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Australia: Big four earn 99.3pc of top companies’ audit fees

Sep 5, 2023

The big four accounting firms earned 99.3 per cent of audit fees paid by Australia’s 200 largest listed companies last year, a proportion described as “to be expected” in any competitive market.

PwC, Deloitte, KPMG and EY audited 96.5 per cent, or 193, of the top 200 companies in Australia in 2022, up from 94.5 per cent in 2019, the University of New South Wales research found.

Although one academic said the concentration of fees and clients in the ASX 200 showed that the market was an oligopoly, a representative of professional body Chartered Accountants ANZ played down the dominance of the big four at the top end of town.

Amir Ghandar, CA ANZ’s assurance and reporting leader, also played down the big four’s market share of ASX 200 firms, instead emphasising the reduction of the firms’ audit market share across medium and small companies.

He said the concentration of the big four firms in the auditing market for major listed companies was similar to that of other major jurisdictions.

“The overall market share of the big four audit firms is not nearly so concentrated, and these preliminary findings indicate that share has continued to decrease in line with the trend over the last 10 years or so,” Mr Ghandar said.

Chartered Accountants ANZ, which co-funded the research with CPA Australia, is the main professional body for big four partners.

Elinor Kasapidis, head of policy and advocacy at CPA Australia, said the concentration at the top end of the audit market was “the nature of any competitive market and to be expected.”

“The reality is that you need big auditing firms with the resources and competencies capable of fulfilling the auditing requirements of big businesses,” Ms Kasapidis said.

Professor Gary Monroe, a co-author of the report, said although the audit market for the top 200 listed companies was highly concentrated, “market forces have probably resulted in a fairly optimal level [of competition].”

‘It’s an oligopoly’
“The market is always going to be dominated by a group of large audit firms,” he said. “It needs to be because without those large audit firms, you don’t have organisations with the resources to audit large, complex entities.”

His research also found that while the big four’s market share had increased over time for the 200 largest listed firms, their share of audits of the medium and small companies had decreased.

Large firms BDO and Grant Thornton increased their share of audit clients in the top 201 to 500 bracket significantly during the research period.

The decline in market share of the big four outside the largest companies demonstrates a level of competitiveness in the market, and “puts more pressure on the [big four] to maintain their quality levels,” Professor Monroe said.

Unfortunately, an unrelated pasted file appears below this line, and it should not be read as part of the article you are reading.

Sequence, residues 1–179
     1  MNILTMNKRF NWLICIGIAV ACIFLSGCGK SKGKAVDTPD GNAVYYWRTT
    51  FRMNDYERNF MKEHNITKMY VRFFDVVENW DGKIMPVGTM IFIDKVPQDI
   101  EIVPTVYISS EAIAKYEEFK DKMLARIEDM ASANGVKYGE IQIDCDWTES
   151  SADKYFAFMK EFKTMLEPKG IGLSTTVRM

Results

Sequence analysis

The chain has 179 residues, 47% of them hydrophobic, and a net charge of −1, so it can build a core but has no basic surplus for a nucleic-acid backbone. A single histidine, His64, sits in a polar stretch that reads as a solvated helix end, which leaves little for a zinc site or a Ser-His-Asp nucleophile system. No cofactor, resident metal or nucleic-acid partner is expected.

Professor James Guthrie, who has previously called for the big four to be broken up, said the figures show “there is no competition in the market, it’s an oligopoly”.

The four big accounting firms all grew their individual market share of ASX-listed clients.

Fees up
EY was the largest of the big four, auditing 12 per cent of ASX-listed companies, up from 11.4 per cent. PwC had the biggest gain, capturing 10.2 per cent of company audits, up from 7.6 per cent in 2019.

KPMG increased its market share of listed companies to 11.3 per cent, up from 10.8 per cent. Deloitte remains the smallest of the big four with an overall market share of 9.5 per cent, up from 7.5 per cent.

The report also found that fees charged for audit work by the big four firms rose by an average of 21 per cent between 2019 and 2022.

PwC’s average fee per audit client rose by 50 per cent in three years, to more than $1.2 million, solidifying its position as the most expensive of the big four.

Other members of the big four charged less and increased fees less, with Deloitte’s average billing sitting at $494,002 – less than half that of PwC’s.

EY’s average fee rose by 20 per cent, to $798,000, while KPMG’s average fee rose by only 8 per cent, to $620,000, over the same period.

Professor Monroe said increased labour costs from a shortage of skilled accountants during the pandemic was the main cause of fee increases.

Audit quality in spotlight
The figures come after the corporate watchdog axed its annual report card on accounting firms’ audit quality.

Last year, ASIC found that Deloitte and KPMG failed to do enough work on about half of surveyed audits, prompting a warning to take “continued deliberate and concerted action” to improve standards.

Ms Kasapidis said her organisation was “surprised and concerned” by the reduction in scope of the audit inspection program.

“There is always room to improve audit quality and recent regulatory inspection findings have highlighted this.”

“All auditing firms, including the large firms, need to respond to regulatory findings to ensure audit quality meets market expectations.”

Despite ASIC’s recent findings, and ongoing concerns about conflicts of interest in the industry, Professor Monroe said the audit quality in the Australian market was “pretty good.”

“Could it be better? Sure. But companies have to be willing to pay more, and that increase in quality is going to cost money,” he said.

But “that argument’s a furphy”, said Professor Guthrie, who argued that “ASIC have gone very light [on audit quality] … we’re not seeing enough legal action against the auditors for poor financial reporting.”

[Financial Review]

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